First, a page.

And yes, the compilation time went down, but not that much, though I don’t remember how much.
Many of the colleagues at the office migrated from distcc to icecream. Particularly, Juan A. Suárez told me about his experiments with icecc and his Raspberry pi. I decided to give it a shoot.
Icecream permits to do cross-compilation because the scheduler can deliver, into the compilation host, the required tool-chain by the requester.
First, you should have one or several cross tool-chains, one for each compilation tuple. In this case we will have only one: to compile in X86_64, generating code for armfh. Luckily, embdebian provides it, out of the box. Nevertheless you could use any other mean to obtain it, such as crosstool.
Second, you need the icecc-create-env script to create the tarball that the scheduler will distribute to the compilation host.
The output of this script is an archive file containing all the files necessary to setup the compiler environment. The file will have a random unique name like “ddaea39ca1a7c88522b185eca04da2d8.tar.bz2” per default. You will need to rename it to something more expressive.
Third, copy the generated archive file to board where your code will be compiled and linked, in this case WebKitGTK+.
For the purpose of this text, I assume that the board has already installed and configured the icecc daemon. Beside, I use ccache too. Hence my environment variables are more or less like these:
CCACHE_DIR=/mnt/hd/.ccache # /mnt/hd is a mounted hard disk through USB.
PATH=/usr/lib/ccache:.. # where Debian sets the compiler's symbolic links
Finally, the last pour of magic is the environment variable ICECC_VERSION. This variable needs to have this pattern
Where <native_archive_file> is the archive file with the native tool-chain. <platform> is the host hardware architecture. <cross_archive_file> is the archive file with the cross tool-chain. <target> is the target architecture of the cross tool-chain.
In my case, the target is not needed because I’m doing native compilation in armhf. Hence, my ICECC_VERSION environment variable looks like this:
Basically we can perceive a browser as an application for retrieving, presenting and traversing information on the Web.
For the composited video support, we are interested in the presentation task of the browser. More particularly, in the graphical presentation.
In WebKit, each HTML element on a web page is stored as a tree of Node objects called the DOM tree.
Then, each Node that produces visual output has a corresponding RenderObject, and they are stored in another tree, called the Render Tree.
Finally, each RenderObject is associated with a RenderLayer. These RenderLayers exist so that the elements of the page are composited in the correct order to properly display overlapping content, semi-transparent elements, etc.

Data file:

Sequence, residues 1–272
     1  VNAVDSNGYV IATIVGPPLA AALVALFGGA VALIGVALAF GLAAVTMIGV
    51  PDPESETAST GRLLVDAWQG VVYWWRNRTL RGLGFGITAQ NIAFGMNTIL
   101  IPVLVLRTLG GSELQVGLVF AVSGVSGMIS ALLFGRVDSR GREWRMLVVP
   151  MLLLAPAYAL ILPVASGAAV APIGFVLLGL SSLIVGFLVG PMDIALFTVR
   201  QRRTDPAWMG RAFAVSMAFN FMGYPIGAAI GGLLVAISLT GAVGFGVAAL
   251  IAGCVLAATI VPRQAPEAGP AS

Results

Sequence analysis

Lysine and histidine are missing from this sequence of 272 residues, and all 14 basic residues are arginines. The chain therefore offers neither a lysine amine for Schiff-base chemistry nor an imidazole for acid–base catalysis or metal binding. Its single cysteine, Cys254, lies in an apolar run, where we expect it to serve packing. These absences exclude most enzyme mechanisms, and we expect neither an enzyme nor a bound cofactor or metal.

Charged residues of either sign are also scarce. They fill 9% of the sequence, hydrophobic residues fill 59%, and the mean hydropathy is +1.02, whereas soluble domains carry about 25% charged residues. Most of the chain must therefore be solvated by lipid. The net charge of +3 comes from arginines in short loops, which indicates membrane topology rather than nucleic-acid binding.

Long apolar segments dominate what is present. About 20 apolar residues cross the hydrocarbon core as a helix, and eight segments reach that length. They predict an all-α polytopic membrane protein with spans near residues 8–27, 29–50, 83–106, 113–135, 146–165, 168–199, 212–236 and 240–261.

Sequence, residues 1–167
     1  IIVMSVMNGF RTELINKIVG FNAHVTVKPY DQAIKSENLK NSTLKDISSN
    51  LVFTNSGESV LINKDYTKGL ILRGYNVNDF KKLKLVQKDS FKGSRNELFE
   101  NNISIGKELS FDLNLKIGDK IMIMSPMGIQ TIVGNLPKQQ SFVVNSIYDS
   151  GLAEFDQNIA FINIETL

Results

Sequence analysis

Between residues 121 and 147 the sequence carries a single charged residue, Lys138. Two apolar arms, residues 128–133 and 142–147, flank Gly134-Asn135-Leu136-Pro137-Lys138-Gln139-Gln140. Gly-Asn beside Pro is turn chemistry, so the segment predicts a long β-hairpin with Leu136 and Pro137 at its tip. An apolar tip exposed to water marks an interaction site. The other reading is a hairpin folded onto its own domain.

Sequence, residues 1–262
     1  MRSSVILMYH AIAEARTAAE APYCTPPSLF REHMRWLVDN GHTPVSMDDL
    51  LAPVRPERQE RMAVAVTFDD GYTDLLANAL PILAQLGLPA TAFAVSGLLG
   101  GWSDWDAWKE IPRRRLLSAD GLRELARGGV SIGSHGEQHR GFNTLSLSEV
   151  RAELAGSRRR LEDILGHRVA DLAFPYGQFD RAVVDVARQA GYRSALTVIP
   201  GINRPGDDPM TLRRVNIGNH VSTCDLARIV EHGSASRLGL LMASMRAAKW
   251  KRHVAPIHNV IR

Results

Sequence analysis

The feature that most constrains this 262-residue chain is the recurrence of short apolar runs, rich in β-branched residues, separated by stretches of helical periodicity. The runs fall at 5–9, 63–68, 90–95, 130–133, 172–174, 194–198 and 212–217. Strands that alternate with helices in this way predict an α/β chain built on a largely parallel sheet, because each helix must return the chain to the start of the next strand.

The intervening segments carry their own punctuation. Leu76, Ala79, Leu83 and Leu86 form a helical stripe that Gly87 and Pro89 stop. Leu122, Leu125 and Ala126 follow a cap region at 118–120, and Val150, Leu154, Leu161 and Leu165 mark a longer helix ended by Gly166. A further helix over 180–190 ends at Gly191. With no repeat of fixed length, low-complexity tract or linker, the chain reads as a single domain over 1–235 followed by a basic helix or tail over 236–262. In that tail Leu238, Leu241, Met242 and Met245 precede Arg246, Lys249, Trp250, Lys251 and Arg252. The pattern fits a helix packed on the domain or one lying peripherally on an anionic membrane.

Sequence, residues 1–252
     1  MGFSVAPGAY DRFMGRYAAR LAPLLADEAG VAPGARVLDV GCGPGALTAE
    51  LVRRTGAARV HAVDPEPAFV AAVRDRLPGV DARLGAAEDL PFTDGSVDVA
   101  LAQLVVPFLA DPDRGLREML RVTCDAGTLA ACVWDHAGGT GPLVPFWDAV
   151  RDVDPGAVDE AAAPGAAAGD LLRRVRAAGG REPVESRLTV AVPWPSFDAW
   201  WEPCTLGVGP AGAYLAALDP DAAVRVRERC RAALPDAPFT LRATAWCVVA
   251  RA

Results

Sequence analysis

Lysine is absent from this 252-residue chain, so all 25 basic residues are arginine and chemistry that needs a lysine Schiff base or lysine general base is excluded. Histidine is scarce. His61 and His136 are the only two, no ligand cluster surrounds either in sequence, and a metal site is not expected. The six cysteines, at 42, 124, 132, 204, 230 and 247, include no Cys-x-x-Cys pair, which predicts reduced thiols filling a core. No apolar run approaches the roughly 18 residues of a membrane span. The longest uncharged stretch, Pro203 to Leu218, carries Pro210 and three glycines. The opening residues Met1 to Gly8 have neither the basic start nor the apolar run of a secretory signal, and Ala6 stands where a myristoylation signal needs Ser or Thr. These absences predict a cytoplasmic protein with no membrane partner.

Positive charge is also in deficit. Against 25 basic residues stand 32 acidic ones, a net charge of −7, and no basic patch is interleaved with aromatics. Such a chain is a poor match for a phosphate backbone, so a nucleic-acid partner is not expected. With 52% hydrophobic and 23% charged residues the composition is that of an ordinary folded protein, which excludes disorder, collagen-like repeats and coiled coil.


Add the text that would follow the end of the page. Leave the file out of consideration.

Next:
It is worth to mention that there is not a one-to-one correspondence between RenderObjects and RenderLayers, and that there is a RenderLayer tree as well.
WebKit fundamentally renders a web page by traversing the RenderLayer tree.
What is the accelerated compositing?
WebKit has two paths for rendering the contents of a web page: the software path and hardware accelerated path.
The software path is the traditional model, where all the work is done in the main CPU. In this mode, RenderObjects paint themselves into the final bitmap, compositing a final layer which is presented to the user.
In the hardware accelerated path, some of the RenderLayers get their own backing surface into which they paint. Then, all the backing surfaces are composited onto the destination bitmap, and this task is responsibility of the compositor.
With the introduction of compositing an additional conceptual tree is added: the GraphicsLayer tree, where each RenderLayer may have its own GraphicsLayer.
In the hardware accelerated path, it is used the GPU for compositing some of the RenderLayer contents.
As Iago said, the accelerated compositing, involves offloading the compositing of the GraphicLayers onto the GPU, since it does the compositing very fast, releasing that burden to the CPU for delivering a better and more responsive user experience.
Although there are other options, typically, OpenGL is used to render computing graphics, interacting with the GPU to achieve hardware acceleration. And WebKit provides cross-platform implementation to render with
How does WebKit paint using OpenGL?
Ideally, we could go from the GraphicsLayer tree directly to OpenGL, traversing it and drawing the texture-backed layers with a common WebKit implementation.
But an abstraction layer was needed because different GPUs may behave differently, they may offer different extensions, and we still want to use the software path if hardware acceleration is not available.